Vitamin A helps your vision and increases your resistance to viruses, but as you may have heard, too much of certain kinds can be dangerous. Your body synthesizes beta carotene into vitamin A– beta carotene is what gives plants like carrots, mangoes and sweet potatoes their orange color, and greens like spinach and collards have some, too. It can also be found in animal products, such as liver and butter. Recommended daily allowance/ upper limit: 770 mcg during pregnancy, 1,300 mcg while breastfeeding, no more than 8,000 mcg (2,500 IU) per day.
You can’t overdose on beta carotene (though too much can make your skin get an orange tint). But the synthesized vitamin A, also known as retinol, you can overdose on. In animal sources the vitamin A is already partially converted, so you can also overdose too from too much liver or cod liver oil. A mere two ounces of beef liver will have 200% of your daily recommended dose. If you overdose you may experience dizziness, confusion and burred vision.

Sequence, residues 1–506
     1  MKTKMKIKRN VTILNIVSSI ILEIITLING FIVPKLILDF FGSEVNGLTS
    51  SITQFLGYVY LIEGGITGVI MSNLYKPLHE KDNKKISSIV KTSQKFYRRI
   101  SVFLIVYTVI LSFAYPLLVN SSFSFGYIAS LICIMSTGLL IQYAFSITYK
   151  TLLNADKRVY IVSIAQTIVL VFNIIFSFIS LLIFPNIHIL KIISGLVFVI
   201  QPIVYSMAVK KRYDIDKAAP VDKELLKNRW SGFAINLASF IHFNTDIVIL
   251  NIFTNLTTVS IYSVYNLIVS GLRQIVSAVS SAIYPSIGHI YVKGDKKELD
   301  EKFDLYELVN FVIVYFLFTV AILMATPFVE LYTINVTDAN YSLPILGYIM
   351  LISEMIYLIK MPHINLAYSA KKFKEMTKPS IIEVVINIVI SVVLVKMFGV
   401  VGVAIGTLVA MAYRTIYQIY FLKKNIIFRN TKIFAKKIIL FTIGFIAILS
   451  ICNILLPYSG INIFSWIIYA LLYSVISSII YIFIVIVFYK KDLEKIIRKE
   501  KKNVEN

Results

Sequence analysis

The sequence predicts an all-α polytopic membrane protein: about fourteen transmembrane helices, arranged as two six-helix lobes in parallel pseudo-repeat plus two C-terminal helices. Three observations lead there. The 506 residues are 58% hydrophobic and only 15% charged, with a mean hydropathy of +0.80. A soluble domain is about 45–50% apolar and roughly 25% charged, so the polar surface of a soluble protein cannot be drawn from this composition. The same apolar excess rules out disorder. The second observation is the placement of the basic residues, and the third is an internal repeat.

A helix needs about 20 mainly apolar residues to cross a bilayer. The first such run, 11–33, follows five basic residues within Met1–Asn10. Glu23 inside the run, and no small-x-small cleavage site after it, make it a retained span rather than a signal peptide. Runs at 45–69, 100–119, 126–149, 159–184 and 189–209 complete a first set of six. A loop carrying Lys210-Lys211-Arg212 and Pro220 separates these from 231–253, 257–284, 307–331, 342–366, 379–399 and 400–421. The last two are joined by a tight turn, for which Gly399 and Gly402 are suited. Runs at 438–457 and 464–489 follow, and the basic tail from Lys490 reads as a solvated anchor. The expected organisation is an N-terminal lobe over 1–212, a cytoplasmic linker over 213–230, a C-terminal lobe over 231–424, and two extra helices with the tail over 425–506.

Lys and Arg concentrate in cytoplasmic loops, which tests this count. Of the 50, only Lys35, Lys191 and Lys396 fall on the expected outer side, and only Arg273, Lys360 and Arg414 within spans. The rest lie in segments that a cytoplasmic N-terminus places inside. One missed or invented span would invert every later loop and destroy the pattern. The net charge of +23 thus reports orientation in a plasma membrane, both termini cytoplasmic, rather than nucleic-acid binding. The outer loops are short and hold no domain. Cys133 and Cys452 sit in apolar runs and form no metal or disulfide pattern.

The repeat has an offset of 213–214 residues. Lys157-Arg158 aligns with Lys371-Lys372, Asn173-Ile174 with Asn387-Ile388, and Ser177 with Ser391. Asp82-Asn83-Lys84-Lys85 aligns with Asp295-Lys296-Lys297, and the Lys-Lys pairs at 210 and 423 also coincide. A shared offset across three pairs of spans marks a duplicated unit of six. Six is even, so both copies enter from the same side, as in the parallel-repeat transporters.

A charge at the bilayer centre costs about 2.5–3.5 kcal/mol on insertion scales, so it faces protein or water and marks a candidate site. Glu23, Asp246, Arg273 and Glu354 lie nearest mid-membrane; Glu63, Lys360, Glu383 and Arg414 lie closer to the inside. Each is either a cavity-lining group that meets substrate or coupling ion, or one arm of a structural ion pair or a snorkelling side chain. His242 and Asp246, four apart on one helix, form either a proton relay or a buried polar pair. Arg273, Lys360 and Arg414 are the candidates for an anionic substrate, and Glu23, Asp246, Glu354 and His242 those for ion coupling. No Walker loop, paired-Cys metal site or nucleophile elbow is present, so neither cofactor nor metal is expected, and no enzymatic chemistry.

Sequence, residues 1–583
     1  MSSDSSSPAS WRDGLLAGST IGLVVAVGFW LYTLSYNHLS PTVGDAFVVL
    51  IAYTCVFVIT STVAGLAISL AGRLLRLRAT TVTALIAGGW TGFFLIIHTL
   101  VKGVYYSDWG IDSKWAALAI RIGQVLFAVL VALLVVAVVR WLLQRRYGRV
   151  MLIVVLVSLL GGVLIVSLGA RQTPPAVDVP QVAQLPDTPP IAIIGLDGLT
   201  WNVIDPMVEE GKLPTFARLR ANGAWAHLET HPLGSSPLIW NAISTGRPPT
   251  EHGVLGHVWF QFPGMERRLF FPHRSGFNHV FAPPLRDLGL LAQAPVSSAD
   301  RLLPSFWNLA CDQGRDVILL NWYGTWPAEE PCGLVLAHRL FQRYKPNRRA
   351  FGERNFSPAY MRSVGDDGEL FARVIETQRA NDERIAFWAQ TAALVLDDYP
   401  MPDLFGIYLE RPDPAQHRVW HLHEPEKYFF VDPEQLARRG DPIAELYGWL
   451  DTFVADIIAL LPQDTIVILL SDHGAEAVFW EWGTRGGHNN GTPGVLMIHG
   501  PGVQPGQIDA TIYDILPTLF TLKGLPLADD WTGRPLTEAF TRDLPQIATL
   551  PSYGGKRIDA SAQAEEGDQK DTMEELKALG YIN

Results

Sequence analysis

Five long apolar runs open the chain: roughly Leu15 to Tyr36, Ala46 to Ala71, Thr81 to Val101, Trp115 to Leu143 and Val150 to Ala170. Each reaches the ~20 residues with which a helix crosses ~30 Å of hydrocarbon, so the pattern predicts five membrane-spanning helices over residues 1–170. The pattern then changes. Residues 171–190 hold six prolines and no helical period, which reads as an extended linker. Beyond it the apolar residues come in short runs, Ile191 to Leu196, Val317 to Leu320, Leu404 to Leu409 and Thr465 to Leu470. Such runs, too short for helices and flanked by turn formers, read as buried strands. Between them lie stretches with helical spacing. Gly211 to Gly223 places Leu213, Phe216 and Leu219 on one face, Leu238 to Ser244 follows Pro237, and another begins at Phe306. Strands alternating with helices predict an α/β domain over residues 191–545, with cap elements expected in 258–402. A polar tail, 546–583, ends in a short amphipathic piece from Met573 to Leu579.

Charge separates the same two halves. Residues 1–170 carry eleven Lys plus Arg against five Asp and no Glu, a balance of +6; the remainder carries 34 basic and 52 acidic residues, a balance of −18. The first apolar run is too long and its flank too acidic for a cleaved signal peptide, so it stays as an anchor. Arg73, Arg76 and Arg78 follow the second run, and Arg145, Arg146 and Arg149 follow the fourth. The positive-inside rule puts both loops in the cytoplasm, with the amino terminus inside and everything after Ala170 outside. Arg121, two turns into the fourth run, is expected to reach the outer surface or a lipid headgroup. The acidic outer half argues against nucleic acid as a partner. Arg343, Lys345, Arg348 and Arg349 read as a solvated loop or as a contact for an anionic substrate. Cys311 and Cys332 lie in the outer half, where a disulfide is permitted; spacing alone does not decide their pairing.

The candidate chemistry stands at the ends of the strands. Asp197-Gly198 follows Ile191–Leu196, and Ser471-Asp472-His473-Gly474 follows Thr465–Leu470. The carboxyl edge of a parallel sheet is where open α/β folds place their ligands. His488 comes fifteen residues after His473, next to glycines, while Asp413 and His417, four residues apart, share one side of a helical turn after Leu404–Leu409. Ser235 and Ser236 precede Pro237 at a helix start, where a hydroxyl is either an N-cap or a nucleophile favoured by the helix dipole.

Carotene-rich vegetables are dark green, deep yellow, and orange: broccoli, greens, green peppers, sweet potatoes, carrots, pumpkins, winter squash, apricots, carrots, papaya, cantaloupe, spinach, pumpkin, sweet potatoes, and mangoes. Vitamin A deficiencies are rare. If you take multivitamin supplements, avoid those that contain more than the recommended dose; large doses of straight synthetic vitamin A are associated with birth defects. However, supplements that contain vitamin A in the form of beta-carotene are safe.